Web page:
Inspector General of Police David Kimaiyo yesterday said violent demonstrations arising from Monday general election will be met with an equal force.
Speaking to the press yesterday after a meeting of Constitutional Commission and Independent Offices on the poll preparedness, Kimaiyo said 99,000 police officers have been deployed in the country to keep peace.
He said the police force will not entertain a repeat of the violence that was witness during the 2007/08 post-election violence. Kimaiyo said more than 100 people have already been charged in court with election related offences since the primaries were held on January 17.
"Kenyans should know that we are not taking these offences lightly and those found guilty have been forced to part with a bond of between Sh100,000 and Sh200,000 to curb such lawlessness," he said.
Kimaiyo said security will be tight all over the country and that officers drawn from the GSU, AP, regular police, and prisons have already been enlisted to maintain the country's security.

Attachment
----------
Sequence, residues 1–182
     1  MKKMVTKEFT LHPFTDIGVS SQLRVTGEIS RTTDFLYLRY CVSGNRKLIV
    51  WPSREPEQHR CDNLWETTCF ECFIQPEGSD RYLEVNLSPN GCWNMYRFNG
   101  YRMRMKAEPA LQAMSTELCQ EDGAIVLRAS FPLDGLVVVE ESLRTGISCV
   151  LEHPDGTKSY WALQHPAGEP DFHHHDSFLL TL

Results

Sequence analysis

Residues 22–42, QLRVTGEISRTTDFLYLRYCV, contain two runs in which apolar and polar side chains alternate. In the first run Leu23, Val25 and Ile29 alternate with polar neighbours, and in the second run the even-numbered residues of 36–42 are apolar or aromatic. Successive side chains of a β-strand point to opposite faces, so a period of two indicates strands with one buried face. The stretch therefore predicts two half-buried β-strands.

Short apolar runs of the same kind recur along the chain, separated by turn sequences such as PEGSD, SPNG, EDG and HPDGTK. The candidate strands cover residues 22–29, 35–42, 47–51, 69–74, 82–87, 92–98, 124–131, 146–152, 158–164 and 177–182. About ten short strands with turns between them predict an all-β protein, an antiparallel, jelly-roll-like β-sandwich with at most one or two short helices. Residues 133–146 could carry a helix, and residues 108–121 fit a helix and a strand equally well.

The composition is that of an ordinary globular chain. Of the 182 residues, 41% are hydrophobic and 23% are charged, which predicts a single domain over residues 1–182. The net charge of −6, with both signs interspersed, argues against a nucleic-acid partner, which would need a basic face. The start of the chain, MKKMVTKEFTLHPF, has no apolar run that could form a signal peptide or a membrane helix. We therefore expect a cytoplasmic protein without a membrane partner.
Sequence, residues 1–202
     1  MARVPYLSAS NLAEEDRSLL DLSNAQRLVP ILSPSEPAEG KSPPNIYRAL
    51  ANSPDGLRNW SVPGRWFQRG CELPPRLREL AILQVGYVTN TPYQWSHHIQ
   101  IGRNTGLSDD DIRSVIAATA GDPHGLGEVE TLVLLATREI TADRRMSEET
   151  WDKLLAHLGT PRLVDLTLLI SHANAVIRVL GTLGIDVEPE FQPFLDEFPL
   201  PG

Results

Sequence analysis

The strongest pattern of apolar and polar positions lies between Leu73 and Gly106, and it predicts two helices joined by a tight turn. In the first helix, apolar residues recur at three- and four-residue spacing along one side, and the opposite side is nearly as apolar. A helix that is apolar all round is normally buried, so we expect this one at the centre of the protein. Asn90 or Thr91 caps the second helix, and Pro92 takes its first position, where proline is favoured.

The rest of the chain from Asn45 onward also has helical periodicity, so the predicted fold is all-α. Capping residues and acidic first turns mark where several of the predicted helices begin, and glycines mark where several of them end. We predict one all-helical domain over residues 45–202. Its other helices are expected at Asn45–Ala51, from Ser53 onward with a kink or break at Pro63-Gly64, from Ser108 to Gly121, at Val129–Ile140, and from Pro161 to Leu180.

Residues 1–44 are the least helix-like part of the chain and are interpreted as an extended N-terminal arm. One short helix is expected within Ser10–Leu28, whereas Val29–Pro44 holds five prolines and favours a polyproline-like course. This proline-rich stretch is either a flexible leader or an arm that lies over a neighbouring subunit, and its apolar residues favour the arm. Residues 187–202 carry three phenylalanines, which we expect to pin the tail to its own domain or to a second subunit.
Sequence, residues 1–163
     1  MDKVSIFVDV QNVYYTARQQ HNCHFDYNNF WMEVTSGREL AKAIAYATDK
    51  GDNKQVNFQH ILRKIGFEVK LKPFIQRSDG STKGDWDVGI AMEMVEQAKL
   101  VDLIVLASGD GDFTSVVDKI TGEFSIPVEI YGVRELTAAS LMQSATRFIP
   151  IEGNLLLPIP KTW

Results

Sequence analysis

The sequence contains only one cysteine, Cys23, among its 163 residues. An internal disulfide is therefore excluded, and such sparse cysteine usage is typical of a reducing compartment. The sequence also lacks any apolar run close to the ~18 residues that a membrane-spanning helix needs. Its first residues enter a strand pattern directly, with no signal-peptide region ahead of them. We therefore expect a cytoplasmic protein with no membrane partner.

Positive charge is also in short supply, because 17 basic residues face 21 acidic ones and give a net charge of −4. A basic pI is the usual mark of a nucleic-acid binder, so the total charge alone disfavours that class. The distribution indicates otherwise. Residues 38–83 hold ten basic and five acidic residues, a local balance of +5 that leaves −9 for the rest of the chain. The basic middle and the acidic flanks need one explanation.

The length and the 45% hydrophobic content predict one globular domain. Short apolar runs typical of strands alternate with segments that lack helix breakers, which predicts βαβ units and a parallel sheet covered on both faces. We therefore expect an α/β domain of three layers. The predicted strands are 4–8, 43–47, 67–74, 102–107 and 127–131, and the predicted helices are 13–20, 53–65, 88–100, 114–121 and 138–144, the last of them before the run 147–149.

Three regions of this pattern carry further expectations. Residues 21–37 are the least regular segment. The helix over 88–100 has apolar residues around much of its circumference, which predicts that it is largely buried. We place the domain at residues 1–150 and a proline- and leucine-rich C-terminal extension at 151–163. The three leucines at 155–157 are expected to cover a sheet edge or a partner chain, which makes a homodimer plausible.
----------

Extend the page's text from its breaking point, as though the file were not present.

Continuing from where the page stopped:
He said the police service has drafted a "master plan" on how they will address security during and after the election and have handed over the document to the National Security Advisory Council for further deliberation.
Kimaiyo said groupings will not be tolerated 400 metres from polling stations. He told Kenyans to go home immediately after casting their vote.
"All parties have agents to take care of their interests inside the polling stations. We will not entertain supporters milling around after casting their votes," he said. Kimaiyo dviced Kenyans to avoid alcohol on March 3, so "they can wake up early enough on Monday to cast their votes".
Speaking after the same meeting, director of Public Prosecutions Keraiko Tobiko said a specialised unit of 35 officers mandated to prosecute cases arising from the election, will be unveiled today.
Tobiko said a standard charge sheet has been drawn up for the exercise and that civil servants who engage in politics will not be left out during the prosecution of cases.
"We are more organised this time round and are determined to forestall a reoccurence of what was witnessed during and after the 2007/08 poll," he said.